We are in the post-major studio and pre-internet era,' says Ira Deutchman, founder and CEO of New York-based Emerging Pictures. The supposed starting point and destination in his assertion are of course highly debatable. But there is now a clear consensus that this is an industry in transition. And as ever in a period of business change, it is much easier to see the holes in the ancient regime than the opportunities for the future.

A great many businesses in all areas of film are acutely feeling the growing pains as change takes hold and the studios are feeling the pinch too.

Deutchman concedes that these difficulties have not reached the attention of consumers. 'I doubt that the general public sees a crisis (in independent film) in any shape at the moment, given the fact that, on the surface, it would appear that Hollywood has overcome the malaise of a couple of years ago.'

Yet he is not the only one to feel that the improvement in box-office performance for blockbusters, the opening of international markets and the vast sums of private equity cash pouring into Hollywood may in the long run be seen as the last hurrah of the old economic order.

The studios are now looking at a serious set of issues: the credit crunch; the writers' strike; looming disputes with actors and directors next summer; arguments over release windows; and fears for DVD revenues with little more than guesswork about their new media replacement.

This week, a report from a new analyst business Global Media Intelligence (GMI), suggests that this summer's record-breaking box-office figures are disguising underlying losses for the studios.

The study suggests that 132 medium-to-big budget films last year collectively lost $1.9bn, compared to $2.2bn profits from similar-sized films in 2004. The analysis is open to dispute, but the underlying point seems difficult to deny. GMI believes big stars are creaming off unrealistic fees while DVD revenues have dropped (see graphic, page 8).

Given that DVD money is 12.5% down this year on 2006, the decline should now be accelerating. The great hopes for an upturn, such as 3D, video-on-demand (VoD) and online distribution, have yet to make an impact and the studios are undoubtedly going to have to adapt to the realities of the market.

The billions from institutional investment may have contributed to a loss of strict financial discipline at many studios (GMI notes Fox as an exception). 'The availability of this risk capital on relatively favourable terms may have played a role in the seeming imperviousness to higher production budgets and sharply increased talent payments,' say the authors.

'We think that, based on the initial results, many of the funds that entered into these financial arrangements will have sub par or even negative returns. As for the future of these types of financing, we believe that investors will demand - and most likely get - much more favourable terms from the studios.'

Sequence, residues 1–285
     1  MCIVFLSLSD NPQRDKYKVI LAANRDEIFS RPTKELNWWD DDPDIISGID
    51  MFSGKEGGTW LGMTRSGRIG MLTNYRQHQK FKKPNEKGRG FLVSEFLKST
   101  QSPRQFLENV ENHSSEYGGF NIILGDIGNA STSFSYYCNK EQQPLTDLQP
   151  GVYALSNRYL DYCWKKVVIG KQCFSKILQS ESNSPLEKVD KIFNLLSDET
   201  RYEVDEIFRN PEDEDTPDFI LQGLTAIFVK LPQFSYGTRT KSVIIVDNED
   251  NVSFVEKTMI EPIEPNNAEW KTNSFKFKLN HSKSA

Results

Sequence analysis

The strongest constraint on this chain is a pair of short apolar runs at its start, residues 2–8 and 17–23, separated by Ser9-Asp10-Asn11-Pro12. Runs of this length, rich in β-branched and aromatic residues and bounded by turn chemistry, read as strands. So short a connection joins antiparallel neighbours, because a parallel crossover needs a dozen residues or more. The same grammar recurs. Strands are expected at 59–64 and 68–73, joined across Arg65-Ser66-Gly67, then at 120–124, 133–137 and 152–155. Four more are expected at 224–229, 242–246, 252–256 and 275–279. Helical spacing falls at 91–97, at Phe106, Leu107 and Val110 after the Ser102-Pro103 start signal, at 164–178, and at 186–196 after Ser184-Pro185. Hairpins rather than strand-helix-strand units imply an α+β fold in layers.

There is a strong argument, which many of the banks have been making recently, that a correction to the excesses of hedge fund finance that led to a somewhat scattergun boom in the US is at worst a necessary evil and at best a means of driving out the mediocre.

Indie opportunity

The studios will no doubt adapt to their environment. But what Deutchman suggests is that as studios suffer in this period of transition, there are big opportunities for independents to ensure that the studio domination of the theatrical-led business is not transferred to the online one.

Speaking at the recent Screen International-supported Power To The Pixel conference at the BFI Times London Film Festival, he called on film-makers to seize the day and ensure that Hollywood does not call all the shots.

Again, the public won't be seeing much sign of this potential right now. The quantity of studio product is squeezing independents with the continuing upward curve in film-making around the world looking like unsustainable over-production.

There is no question that the current theatrical-led business is a struggle for indies this year and Deutchman fears that studio domination may continue on new platforms. 'There is no way for (studio) distributors to justify the current economic model - they take way too much money out of the equation,' he says. 'They try to justify it by making it look like rocket science when in fact there are ways to get out movies a lot less expensively.'

Chris McGurk, CEO and founder of indie studio Overture Films, believes that the size and cost of Hollywood production may prove to be the independents' big opportunity. The majors have reached a point where the necessities of scale in a global market have forced them into providing lowest-common denominator content with returns that are extraordinarily difficult to maintain.

'When a big studio spends $100m on a film and nearly as much to market it, they just cannot afford to have a failure and that mostly leads to risk-averse formulaic film-making,' McGurk told Screen International's recent UK Film Finance Summit.

That has left a gaping hole in the market which those with vision can fill by putting distribution at the top of the agenda. 'The true economic profile of any film can only be judged across the timeframe when it is distributed across all platforms,' McGurk said. 'With such fragmentation, no single distribution outlet can provide the revenues necessary to make a film successful. Therefore, it is essential to control under unified ownership as many of the links in the distribution chain as possible before you start spending production dollars.'

Putting the distribution horse before the production cart is perhaps the fundamental starting point of this new era. What it really means is making the customer bigger than the process, an approach which successful independent film-makers have been taking for years.